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Deirdre Bean's Coming Home and Call to Home

Coming Home II and Call to Home II are works in the Parliament House Art Collection by Deirdre Bean that evoke, as the artist suggests, symbols of home and security amidst the horrors of the First World War.

In 2017 Bean completed an artist residency in France and Belgium, including touring the battlefield landscapes of the First World War. Although a century on, and much had changed to the physical landscape, Bean was struck by how the spaces still held significant power for her and reflected an international consciousness of this history.

Bean took inspiration from the works of textile artist and designer May Morris, the daughter of well-known English designer William Morris. In her compositions, Bean adopted the drawing style of the popular British Arts and Crafts Movement, characterised by intricate and detailed compositions which appear straight forward to the viewer.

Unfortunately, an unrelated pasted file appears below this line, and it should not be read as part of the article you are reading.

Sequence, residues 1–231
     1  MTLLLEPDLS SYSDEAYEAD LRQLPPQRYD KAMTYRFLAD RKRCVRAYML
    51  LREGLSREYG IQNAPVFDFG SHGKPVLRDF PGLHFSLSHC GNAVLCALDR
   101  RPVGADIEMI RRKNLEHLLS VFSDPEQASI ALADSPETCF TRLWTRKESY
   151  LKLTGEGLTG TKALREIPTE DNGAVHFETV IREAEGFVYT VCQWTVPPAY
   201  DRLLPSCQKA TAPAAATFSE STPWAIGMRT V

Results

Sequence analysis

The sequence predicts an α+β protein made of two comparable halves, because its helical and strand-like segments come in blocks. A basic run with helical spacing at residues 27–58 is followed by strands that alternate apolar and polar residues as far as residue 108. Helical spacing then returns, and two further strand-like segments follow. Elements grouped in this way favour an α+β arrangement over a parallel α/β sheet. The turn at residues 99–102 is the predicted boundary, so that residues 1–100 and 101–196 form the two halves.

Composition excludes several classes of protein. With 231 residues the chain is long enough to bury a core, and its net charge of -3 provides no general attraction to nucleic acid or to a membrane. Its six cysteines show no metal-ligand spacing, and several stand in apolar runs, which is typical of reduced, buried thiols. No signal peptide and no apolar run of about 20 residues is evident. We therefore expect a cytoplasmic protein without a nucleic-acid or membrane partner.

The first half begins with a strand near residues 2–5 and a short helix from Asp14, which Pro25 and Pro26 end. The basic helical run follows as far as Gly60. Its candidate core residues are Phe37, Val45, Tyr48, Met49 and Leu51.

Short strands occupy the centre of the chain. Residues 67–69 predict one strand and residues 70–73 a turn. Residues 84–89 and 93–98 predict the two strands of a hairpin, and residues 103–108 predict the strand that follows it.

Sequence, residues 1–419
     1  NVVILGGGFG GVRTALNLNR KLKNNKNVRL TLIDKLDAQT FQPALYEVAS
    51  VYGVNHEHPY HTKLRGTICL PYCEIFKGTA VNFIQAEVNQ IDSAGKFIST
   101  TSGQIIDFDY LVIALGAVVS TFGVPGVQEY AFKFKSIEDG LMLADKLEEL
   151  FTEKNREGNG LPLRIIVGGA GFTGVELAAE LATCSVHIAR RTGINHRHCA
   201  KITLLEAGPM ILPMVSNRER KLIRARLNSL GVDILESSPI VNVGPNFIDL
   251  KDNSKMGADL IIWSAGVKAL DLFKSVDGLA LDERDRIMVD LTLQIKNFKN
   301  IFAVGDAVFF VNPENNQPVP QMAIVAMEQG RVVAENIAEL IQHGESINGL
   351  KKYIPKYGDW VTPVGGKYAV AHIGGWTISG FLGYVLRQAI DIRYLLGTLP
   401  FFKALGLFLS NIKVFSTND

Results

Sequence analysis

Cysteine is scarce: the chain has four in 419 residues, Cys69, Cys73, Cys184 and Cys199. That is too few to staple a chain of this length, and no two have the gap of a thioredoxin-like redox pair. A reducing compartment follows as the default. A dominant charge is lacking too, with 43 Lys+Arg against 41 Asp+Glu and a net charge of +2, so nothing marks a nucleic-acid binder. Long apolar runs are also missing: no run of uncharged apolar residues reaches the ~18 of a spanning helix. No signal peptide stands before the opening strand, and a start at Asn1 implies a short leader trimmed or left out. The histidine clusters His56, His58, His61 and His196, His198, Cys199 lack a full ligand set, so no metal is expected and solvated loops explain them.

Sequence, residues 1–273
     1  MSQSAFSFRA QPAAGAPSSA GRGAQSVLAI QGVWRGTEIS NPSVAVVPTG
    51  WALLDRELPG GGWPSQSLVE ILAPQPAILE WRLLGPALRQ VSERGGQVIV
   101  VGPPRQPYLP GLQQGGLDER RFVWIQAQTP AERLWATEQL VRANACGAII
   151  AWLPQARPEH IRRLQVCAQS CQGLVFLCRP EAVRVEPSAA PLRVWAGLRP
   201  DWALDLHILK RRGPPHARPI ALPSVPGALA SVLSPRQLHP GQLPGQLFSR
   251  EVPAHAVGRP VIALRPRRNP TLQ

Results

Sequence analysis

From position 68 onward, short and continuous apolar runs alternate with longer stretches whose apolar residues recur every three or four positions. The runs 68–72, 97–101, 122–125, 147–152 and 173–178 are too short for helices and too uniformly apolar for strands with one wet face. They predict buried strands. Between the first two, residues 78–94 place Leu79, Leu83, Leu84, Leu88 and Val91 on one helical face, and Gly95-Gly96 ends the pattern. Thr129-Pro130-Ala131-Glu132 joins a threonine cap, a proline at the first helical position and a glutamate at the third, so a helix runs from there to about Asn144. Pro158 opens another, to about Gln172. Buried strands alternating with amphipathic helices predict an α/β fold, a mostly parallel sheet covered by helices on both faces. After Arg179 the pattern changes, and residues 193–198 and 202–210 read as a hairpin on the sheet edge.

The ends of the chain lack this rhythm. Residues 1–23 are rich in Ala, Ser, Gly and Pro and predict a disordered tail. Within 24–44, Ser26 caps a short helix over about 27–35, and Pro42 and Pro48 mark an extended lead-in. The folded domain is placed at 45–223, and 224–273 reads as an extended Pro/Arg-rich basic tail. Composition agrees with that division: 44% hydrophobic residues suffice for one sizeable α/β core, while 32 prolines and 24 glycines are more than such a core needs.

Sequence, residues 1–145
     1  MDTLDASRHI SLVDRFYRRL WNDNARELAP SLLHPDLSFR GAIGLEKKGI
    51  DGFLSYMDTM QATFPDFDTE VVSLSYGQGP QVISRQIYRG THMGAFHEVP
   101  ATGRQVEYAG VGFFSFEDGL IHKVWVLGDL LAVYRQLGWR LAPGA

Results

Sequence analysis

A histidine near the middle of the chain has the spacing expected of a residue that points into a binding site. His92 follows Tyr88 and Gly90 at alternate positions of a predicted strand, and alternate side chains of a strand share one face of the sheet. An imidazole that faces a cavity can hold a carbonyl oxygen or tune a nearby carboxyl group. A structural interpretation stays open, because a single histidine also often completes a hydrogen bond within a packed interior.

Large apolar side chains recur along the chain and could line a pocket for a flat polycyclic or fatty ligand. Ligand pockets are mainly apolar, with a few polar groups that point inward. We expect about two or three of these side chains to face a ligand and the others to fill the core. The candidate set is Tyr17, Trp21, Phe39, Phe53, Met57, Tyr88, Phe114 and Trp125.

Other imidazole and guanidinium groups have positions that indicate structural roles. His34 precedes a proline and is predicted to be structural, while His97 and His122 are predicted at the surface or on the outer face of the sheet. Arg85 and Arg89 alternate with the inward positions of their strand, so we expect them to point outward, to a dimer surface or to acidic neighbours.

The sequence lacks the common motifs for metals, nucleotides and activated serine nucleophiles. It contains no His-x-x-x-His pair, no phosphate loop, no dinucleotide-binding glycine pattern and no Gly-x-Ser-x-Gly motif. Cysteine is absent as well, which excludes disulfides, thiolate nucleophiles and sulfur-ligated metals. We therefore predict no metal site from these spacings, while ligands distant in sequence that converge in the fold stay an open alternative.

Bean’s selected subjects are the homing pigeon, which would deliver vital information across the battlefield, often saving lives, and the bugle which signalled the daily routine in military camps. These subjects are easily identifiable and would have been symbols of safety and routine amidst the chaos of the war.

Bean observed, ‘that the brutality and harshness of war could be represented as something beautiful motivated me’1.

Deirdre Bean

Deirdre Bean (born 1960) is a Newcastle born watercolourist who focuses on botanic representations. Bean began exhibiting from 2008, and in 2012 completed a Bachelor of Arts at Curtin University. In 2011 and 2012 she was a finalist in the Waterhouse Prize for Natural History at the South Australian Museum. In 2016 Deirdre graduated with a PHD in Natural History Illustration.

1. Sourced from privately communicated artist response.
Deirdre Bean (born 1960),

Coming Home II
, 2018
watercolour on paper,

Call to Home II, 2018
watercolour and graphite on paper,

Parliament House Art Collection.

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